Lithium in Greenland ice cores measured by ion chromatography

mlsiggaard [ at ]


Abstract: Ion chromatography is a widely used technique to analyse ice cores for ions like Na+, NH4+, K+, Mg++, Ca++, F-, MSA-, Cl-, NO3- and SO4-- that are present in polar ice cores at ppb level. By using sample preconcentration and an optimised separation technique we have been able to detect Li+ in ice core samples in concentrations as low as 0.0001 meq·kg-1 or 0.7 ppt by ion chromatography. During routine analysis of ions in ice cores, the lithium content has been evaluated and recorded. The IC technique used in these measurements and some exemplary IC data from the GRIP (Greenland Ice Core Project) and the NGRIP (North Greenland Ice Core Project) ice cores will be presented. By these data we introduce Li+ concentration as a new parameter in the analysis of ice cores.Like other ions Li+ reflects climatic changes and shows seasonal cycles. On the basis of the geochemistry of lithium we suggest that Li+ measured in the Greenland ice cores is derived from mineral dust. However data from the NGRIP ice core that represents the 8.2 ka BP Holocene cold event show a strong Li+ signal that does not correlate with any other ionic component measured. This means that the lithium content in ice cores is a signal with its own pattern, which is not yet understood.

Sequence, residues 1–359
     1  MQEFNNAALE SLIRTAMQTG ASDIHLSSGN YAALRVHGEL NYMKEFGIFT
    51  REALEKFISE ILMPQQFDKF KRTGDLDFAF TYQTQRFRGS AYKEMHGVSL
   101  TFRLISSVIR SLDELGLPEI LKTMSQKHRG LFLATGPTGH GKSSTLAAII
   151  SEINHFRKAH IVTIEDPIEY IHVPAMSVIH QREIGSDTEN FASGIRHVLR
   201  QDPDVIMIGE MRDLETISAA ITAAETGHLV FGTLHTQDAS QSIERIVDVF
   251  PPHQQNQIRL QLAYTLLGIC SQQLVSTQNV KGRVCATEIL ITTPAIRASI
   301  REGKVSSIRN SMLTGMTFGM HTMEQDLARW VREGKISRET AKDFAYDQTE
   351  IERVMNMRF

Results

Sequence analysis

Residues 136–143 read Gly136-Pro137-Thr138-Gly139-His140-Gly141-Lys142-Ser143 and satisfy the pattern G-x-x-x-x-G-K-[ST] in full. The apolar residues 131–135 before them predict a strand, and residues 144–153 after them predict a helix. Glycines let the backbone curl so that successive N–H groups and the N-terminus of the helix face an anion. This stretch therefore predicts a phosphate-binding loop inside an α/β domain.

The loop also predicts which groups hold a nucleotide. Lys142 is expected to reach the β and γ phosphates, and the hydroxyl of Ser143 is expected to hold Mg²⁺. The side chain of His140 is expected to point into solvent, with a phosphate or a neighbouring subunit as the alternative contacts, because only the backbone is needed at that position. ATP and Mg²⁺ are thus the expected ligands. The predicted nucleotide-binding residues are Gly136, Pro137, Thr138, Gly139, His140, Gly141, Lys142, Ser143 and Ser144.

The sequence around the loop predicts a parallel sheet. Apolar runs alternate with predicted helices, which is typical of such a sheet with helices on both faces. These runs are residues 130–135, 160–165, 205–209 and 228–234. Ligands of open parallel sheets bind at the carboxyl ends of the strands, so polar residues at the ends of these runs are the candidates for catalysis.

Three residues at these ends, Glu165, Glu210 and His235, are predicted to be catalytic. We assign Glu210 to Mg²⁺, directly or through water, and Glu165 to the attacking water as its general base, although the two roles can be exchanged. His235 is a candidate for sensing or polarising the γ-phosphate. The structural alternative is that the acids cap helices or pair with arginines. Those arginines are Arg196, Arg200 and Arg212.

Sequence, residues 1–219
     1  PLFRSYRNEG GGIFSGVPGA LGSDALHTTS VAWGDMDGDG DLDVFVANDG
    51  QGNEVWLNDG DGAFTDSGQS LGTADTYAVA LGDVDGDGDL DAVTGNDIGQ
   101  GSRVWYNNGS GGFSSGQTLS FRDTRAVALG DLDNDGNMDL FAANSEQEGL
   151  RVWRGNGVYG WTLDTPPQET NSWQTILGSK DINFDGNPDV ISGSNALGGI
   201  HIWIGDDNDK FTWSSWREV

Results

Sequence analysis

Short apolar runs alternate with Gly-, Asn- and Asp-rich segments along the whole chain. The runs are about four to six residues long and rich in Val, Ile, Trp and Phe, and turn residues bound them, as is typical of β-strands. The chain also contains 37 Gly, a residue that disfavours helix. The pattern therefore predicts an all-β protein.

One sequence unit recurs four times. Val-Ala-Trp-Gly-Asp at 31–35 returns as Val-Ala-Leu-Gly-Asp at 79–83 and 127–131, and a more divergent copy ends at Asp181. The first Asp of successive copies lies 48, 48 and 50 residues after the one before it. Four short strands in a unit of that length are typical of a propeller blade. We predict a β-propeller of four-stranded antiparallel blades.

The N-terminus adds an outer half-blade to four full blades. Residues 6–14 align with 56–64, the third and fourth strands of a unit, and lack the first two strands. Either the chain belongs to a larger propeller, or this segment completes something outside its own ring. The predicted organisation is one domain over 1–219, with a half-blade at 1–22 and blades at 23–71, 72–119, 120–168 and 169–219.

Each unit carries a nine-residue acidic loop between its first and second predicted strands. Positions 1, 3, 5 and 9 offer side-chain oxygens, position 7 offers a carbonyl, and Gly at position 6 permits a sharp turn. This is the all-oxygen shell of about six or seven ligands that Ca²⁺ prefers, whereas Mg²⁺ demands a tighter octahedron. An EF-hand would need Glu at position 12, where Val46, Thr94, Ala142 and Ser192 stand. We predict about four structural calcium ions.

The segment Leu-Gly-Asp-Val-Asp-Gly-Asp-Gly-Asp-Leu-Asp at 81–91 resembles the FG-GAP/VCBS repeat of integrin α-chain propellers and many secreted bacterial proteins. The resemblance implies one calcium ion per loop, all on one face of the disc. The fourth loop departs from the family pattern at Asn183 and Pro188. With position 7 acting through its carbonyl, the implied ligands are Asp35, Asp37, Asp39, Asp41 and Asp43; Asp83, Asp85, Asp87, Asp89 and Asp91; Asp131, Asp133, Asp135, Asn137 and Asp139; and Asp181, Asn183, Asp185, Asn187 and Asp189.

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Peer revision
ISI/Scopus peer-reviewed
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Eprint ID
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Siggaard-Andersen, M. L. , Steffensen, J. P. and Fischer, H. (2002): Lithium in Greenland ice cores measured by ion chromatography , Annals of Glaciology, Vol 35249, 243 .


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